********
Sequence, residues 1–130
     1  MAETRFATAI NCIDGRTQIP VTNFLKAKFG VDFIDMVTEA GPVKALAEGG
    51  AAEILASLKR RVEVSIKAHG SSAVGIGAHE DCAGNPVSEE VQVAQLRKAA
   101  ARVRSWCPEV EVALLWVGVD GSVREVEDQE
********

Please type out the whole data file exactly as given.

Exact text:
Sequence, residues 1–130
     1  MAETRFATAI NCIDGRTQIP VTNFLKAKFG VDFIDMVTEA GPVKALAEGG
    51  AAEILASLKR RVEVSIKAHG SSAVGIGAHE DCAGNPVSEE VQVAQLRKAA
   101  ARVRSWCPEV EVALLWVGVD GSVREVEDQE